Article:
Osteophyte (Bone Spur) Causes, Symptoms, and Treatment

Prevent bone spurs / osteophytes from stealing your mobility, years of an active life and wellbeing. Knowing how to deal with these inconvenient growths can help you reduce pain and maintain your active lifestyle.

Bone spur growth on bone

yourfootpalace.com gathered information on what osteophytes are, how to treat them, their causes, and symptoms.

What are Bone Spurs

Osteophytes, commonly referred to as bone spurs, are smooth, hard growths off the edge of bones. Bone spurs will most often form next to joints (where two or more bones meet). Despite the name, a bone spur is not a spiky growth, rather a smooth outgrowth from the bone that developed over time. Bone spurs may grow and affect your:

  • Heel and/or foot (making it painful to run, walk, or stand)
  • Knee (making it painful to extend or straighten your leg)
  • Spine (pressing against your spinal cord causing weakness or loss of feeling in your extremities)
  • Hip (making it painful to move your hip, stand, sit, or walk)
  • Shoulder (causing damage to your rotator cuff, resulting in a limited range of motion)
  • Fingers (resulting in a “knobby” appearance

Hip bone spurs or osteophytes cause reduced mobility and severe pain requiring intense therapy or surgery

Bone spurs, common as we age, are typically painless, and you may not ever know you have them. The majority of bone spurs cause no signs or symptoms and generally do not require treatment. They can show up in tests, like X-rays and magnetic resonance imaging (MRI) performed for other unrelated conditions.

However, there are times when bone spurs result in pain and loss of motion in the affected joint. If this occurs, see your primary care physician for treatment or referral to a specialist.

Note: Bone spurs can develop on many other parts of the body.

How Are Osteophytes Treated

Depending on the severity of symptoms, several approaches (or combination of approaches) may be used in your treatment, including:

  • Rest
  • Steroid shots (reduce joint swelling and pain)
  • NSAIDs (reduce swelling, relieve pain, and relax muscles)
  • Physical therapy and manipulation of joints (regain flexibility and strength, improve posture, and reduce pressure on affected nerves)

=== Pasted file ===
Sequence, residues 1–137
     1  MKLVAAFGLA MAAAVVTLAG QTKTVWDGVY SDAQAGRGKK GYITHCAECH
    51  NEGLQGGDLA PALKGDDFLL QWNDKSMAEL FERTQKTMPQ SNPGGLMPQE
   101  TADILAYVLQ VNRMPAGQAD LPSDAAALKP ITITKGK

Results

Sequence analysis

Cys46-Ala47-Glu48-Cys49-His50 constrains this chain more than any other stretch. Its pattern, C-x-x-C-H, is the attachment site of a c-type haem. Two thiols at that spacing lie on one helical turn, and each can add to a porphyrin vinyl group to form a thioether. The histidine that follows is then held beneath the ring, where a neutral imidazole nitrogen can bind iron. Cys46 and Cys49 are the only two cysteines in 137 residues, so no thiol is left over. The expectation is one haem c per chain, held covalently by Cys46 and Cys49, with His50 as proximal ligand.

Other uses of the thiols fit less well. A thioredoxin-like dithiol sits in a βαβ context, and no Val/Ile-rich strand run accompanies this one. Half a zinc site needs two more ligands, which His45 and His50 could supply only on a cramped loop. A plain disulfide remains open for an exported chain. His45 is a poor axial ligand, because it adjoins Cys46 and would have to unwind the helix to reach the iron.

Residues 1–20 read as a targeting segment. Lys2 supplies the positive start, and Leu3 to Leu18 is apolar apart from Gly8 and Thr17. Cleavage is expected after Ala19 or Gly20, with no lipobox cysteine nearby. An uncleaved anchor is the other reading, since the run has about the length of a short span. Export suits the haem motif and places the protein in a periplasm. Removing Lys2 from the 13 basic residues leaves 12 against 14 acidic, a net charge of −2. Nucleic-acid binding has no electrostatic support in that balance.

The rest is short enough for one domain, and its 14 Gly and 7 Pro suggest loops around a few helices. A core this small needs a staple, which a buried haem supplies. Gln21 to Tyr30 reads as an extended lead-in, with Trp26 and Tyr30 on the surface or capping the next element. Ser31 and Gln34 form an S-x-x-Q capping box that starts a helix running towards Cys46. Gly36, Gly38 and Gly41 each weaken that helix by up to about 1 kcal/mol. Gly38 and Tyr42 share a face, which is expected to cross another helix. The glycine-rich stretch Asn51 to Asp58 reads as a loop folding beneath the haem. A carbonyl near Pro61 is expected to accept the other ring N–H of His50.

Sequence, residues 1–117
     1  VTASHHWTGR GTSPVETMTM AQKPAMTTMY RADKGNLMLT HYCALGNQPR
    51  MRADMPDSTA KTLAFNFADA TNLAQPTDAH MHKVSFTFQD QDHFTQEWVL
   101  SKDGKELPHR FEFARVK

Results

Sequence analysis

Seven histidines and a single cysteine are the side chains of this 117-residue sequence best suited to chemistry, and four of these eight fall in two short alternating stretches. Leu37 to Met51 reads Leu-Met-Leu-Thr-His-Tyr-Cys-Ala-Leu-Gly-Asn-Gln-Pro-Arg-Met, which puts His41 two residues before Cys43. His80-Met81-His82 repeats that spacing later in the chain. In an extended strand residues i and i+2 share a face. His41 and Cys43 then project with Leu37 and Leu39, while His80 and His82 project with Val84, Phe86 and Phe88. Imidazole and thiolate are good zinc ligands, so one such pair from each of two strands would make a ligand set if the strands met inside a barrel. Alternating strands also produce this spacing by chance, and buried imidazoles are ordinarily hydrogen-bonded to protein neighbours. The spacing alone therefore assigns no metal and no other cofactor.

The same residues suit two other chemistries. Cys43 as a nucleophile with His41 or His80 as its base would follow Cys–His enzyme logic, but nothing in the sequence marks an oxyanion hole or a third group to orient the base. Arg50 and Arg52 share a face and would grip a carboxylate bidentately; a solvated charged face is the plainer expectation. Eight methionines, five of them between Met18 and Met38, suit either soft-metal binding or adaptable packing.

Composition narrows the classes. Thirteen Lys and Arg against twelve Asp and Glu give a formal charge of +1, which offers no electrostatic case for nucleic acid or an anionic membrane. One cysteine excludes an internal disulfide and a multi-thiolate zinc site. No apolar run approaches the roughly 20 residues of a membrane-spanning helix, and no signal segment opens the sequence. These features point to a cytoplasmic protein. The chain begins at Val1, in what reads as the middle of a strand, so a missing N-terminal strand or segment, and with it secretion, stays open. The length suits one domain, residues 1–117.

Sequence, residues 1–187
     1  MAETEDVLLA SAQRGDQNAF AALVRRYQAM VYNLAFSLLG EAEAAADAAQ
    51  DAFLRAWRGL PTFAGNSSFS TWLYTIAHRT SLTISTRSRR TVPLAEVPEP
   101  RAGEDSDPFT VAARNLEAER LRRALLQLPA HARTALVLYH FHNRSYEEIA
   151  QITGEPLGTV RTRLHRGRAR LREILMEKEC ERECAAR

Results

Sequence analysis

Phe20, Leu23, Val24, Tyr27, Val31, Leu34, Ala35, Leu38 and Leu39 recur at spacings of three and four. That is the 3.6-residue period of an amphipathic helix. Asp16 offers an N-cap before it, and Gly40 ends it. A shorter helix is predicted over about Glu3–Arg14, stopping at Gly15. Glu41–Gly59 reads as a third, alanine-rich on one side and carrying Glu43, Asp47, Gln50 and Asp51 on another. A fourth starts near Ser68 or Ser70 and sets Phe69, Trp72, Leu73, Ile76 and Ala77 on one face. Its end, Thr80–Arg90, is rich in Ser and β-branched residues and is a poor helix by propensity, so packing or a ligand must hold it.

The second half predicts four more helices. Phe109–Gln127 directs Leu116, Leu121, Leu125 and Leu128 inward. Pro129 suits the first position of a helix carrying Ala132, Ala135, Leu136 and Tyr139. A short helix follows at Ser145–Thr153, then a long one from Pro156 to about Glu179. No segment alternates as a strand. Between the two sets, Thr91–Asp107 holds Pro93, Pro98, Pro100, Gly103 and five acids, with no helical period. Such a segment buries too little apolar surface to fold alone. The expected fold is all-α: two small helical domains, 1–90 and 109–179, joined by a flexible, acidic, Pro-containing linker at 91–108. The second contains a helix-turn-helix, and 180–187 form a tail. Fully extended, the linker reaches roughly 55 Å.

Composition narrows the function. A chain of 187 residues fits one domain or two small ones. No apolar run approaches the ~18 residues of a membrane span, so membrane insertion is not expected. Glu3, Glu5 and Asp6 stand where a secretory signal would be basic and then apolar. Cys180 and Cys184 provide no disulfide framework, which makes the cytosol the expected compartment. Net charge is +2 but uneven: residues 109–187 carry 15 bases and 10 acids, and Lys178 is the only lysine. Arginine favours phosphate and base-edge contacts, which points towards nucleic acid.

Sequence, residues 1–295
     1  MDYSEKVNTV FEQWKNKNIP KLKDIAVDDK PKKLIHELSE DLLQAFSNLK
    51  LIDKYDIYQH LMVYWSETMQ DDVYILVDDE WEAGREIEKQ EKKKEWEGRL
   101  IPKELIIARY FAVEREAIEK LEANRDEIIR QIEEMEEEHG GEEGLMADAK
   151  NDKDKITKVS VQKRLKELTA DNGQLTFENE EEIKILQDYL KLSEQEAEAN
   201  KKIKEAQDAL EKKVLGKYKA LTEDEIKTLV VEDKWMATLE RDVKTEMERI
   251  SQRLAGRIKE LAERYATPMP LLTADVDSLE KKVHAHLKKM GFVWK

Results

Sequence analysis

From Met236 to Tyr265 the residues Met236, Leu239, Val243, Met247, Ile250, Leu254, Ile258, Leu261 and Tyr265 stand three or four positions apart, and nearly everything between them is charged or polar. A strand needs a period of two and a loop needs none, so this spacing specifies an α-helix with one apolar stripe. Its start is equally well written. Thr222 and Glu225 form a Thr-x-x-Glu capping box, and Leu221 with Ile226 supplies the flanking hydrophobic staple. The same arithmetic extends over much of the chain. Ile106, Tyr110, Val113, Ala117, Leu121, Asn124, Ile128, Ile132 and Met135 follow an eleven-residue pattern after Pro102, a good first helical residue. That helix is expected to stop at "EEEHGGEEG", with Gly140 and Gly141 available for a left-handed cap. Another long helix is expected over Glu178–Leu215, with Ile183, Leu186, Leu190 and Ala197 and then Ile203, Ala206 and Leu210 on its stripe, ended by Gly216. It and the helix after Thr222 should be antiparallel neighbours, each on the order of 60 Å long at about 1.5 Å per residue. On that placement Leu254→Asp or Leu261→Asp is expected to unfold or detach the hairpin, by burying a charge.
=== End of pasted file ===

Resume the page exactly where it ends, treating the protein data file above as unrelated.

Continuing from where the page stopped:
• Massage (relax muscles, increase/improve blood flow, regain flexibility, and reduce pressure on affected nerves)

Bone spur discomfort and pain can be treated by reflexology massage

When these approaches are unsuccessful, surgery may be required to physically remove the bone spur(s).

Those in the medical field who treat bone spurs include:

  • Internists
  • General Practitioners
  • Rheumatologists
  • Orthopedic surgeons
  • Rehabilitation specialists

Physical therapists and occupational therapists can also treat patients with bone spurs.

Bone spur treatments may be prescribed and performed by a physical therapist

What Causes Osteophytes

Osteophyte or bone spur growth may be attributed to the following factors:

  • Aging
  • Disc and/or joint degeneration
  • Heredity
  • Nutrition
  • Injuries, including sports-related and traffic accidents (overuse)
  • Poor posture
  • Obesity
  • Birth defects

Additionally, bone spur growth is a more likely occurrence when the following conditions are present:

  • Spinal stenosis (narrowing of the spine)
  • Osteoarthritis (Degenerative Joint Disease)
  • Arthritis

As one ages, cartilage breaks down. The result of this may include pain, swelling, and joint motion difficulty. Over time, bone can break down, too. The body’s response is to develop osteophytes (spurs) near the damaged area.

Note: Bone spurs may form after an injury to a joint, ligament, or tendon. This occurs when your body interprets an injury as bone damage, the body then tries to fix the perceived problem by adding bone to the injured area.

Bone spurs can occur after a sports injury

What Are Symptoms of Osteophytes

Depending on their location, you might not realize you have a bone spur. That is until you get an X-ray or MRI searching for another condition. Bone spurs only cause problems when they press on nerves, tendons, muscles, or other structures in your body. Bone spurs can lead to:

  • Pain
  • Pain or stiffness when trying to extend the affected joint
  • Pain accompanied by swelling
  • Partial or total loss of motion in affected joints
  • Weakness and numbness
  • Tendon and/or muscle tears

Symptoms may worsen when you exercise or move the affected joint.

Note: A bone spur diagnosis can sometimes be made through a physical examination, but is almost always confirmed by x-ray, CT scans, or MRI imaging.

Bone spurs can be diagnosed and precisely located by xray or ct scan

Osteophyte Formation

In this article, you discovered what osteophytes (bone spurs) are, how they are treated, what causes them, and their symptoms.

When you take action to treat bone spurs, you help yourself maintain a positive disposition and reduce the potential for debilitating bouts with severe pain.

Ignoring the signs and symptoms of bone spurs can lead to excruciating pain, loss of motion in affected joints, and the eventual need for corrective surgery.


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